Stories and aspirations

Lynn Shepherd’s take on corporate storytelling — Tell-Tale Signs: Decoding the Secrets of the Corporate Grapevine, from the Huffington Post — is worth sharing.

Shepherd offers this as a caution — when an organization organically evolves its own story that becomes a tribal murmur running counter to the mission statement, it’s time for a frank conversation around the campfire.

(Yes. Me too. I hate mission statements.)

But of course, there are lots of positive ways to put an organization’s tribal myths to work in social marketing. We rally around stories; they can be concocted deliberately to focus team members on a valued objective. If a story is an honest reflection of a founder’s vision, it doesn’t have to be the literal truth. It only needs to be plausible enough to gather a consensus — a reasonable aspiration. If your team embraces the story, it will ring true in the messaging you put in front of customers.

zurichActually, storytelling is something I’ve been meaning to write about for a couple of months. We all do it, professionally and personally. We storify our experiences. It’s only human.

I spent a couple of days in Zurich with family at Christmastime, and I found myself explaining how it is that I developed such a love for that city, having spent only an afternoon there previously, more than 20 years ago. It’s a tale I’ve told many times, always essentially the same way: I’d visited on business, and spent the afternoon with a business contact, a successful woman living rather comfortably in a villa overlooking the city. She took us to lunch at an elegant place on the quai overlooking the Limmat River.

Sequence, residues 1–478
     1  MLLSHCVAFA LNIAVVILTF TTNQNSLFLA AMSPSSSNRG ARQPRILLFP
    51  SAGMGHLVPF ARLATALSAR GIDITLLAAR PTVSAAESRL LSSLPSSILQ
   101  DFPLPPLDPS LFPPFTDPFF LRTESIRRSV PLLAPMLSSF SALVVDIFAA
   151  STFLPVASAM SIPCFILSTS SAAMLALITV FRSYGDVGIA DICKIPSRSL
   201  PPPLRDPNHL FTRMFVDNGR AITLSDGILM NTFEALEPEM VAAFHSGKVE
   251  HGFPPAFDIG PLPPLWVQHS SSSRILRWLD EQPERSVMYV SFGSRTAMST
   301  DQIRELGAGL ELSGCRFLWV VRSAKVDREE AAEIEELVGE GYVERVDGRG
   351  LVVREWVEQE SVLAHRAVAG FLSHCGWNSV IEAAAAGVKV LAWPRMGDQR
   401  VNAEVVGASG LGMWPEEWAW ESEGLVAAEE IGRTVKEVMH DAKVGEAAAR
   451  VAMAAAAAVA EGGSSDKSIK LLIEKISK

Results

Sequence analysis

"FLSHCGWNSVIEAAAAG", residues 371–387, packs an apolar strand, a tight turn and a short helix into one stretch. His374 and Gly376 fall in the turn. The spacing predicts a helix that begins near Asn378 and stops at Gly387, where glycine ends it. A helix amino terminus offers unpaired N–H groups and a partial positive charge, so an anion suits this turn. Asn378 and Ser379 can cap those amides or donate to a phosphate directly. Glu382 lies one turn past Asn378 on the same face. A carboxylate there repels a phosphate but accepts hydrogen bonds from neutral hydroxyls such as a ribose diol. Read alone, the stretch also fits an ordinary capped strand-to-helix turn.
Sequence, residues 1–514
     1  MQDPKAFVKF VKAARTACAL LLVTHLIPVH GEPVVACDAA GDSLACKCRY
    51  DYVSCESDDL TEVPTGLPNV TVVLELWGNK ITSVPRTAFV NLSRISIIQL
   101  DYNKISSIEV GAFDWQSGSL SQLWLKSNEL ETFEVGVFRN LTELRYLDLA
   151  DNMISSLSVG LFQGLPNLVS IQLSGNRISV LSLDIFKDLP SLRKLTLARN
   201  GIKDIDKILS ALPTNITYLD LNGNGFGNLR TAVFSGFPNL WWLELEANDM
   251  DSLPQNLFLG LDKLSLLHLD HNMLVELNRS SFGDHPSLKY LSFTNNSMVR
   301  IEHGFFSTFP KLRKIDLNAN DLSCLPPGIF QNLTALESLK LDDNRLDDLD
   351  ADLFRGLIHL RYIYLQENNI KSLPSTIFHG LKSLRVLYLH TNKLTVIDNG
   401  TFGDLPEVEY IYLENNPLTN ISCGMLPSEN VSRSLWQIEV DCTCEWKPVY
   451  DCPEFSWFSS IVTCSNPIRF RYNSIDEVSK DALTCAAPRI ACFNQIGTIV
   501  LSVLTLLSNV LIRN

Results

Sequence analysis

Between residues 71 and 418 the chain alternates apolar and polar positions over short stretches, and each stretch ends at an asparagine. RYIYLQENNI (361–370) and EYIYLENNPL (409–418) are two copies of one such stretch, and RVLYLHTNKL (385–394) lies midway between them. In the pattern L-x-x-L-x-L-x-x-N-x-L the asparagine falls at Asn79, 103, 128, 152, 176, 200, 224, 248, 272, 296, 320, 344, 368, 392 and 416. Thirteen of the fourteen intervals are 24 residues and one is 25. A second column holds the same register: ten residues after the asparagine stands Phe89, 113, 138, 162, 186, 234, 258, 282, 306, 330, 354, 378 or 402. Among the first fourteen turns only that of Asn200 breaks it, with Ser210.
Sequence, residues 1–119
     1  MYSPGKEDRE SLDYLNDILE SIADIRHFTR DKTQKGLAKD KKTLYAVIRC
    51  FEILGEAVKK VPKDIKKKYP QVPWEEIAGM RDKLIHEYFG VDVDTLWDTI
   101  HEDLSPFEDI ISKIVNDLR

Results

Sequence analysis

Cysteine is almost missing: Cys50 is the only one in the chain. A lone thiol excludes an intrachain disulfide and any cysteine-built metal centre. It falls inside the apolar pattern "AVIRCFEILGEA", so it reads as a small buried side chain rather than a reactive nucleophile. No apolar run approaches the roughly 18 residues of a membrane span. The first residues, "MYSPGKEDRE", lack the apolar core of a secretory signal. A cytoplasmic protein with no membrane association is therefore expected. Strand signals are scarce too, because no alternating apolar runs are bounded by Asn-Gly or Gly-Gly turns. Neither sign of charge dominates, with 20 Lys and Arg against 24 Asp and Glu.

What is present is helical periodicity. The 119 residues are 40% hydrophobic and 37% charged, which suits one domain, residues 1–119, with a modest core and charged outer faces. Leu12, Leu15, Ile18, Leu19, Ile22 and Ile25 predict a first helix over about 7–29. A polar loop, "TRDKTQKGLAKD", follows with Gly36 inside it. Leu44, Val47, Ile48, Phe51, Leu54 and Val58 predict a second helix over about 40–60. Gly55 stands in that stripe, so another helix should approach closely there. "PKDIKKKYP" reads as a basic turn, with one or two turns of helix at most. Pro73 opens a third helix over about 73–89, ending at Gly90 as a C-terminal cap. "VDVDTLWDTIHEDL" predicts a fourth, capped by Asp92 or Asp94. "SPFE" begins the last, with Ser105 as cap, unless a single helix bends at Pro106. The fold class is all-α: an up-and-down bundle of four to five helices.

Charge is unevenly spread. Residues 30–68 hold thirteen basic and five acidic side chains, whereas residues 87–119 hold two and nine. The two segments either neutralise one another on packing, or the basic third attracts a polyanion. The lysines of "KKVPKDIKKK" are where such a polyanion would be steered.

The story I tell is that this woman’s ex husband, when they divorced, gave her as a parting gift, an oil company.

Evocative, isn’t it? It’s always good for a moment’s speechless gape. (And isn’t that what every raconteur is looking for?) Of course, it’s a story about wealth, and the truth is, I’m not an uncritical admirer of wealth. But this individual impressed me in the way she wore it. Her villa was lovely but not huge or especially ostentatious. The art was tasteful, modern stuff. Of course the view was breathtaking. Lunch was in an establishment that, while not outrageously expensive, was clearly not an easy place to get a table for five on short notice — but that was childsplay for Madame.

My story isn’t so much about wealth as it is about access. It’s easy to appreciate and fall in love with the best features of a place when you can just breeze in and avail yourself of everything it has to offer.

Oh, and the oil company: My story glosses over the fact that the oil was the sort that goes into cosmetic moisturizers, not the kind that wars are fought over. And that Madame had at least as much to do with building the company as did her ex, and that he didn’t simply give it to her. He just signed over his shares.

Disingenuous? Possibly. But it’s one of those examples of a particular turn of phrase giving a story a greater economy — more bang for the rhetorical buck. Not so very different from Google’s mission statement (“Don’t be evil”) or Disney’s “Happiest Celebration on Earth.”

In an age when the unit of narrative is a photomeme, a 30-second video clip or 140-character koan, economy of verbiage is paramount. It’s an important aspiration.

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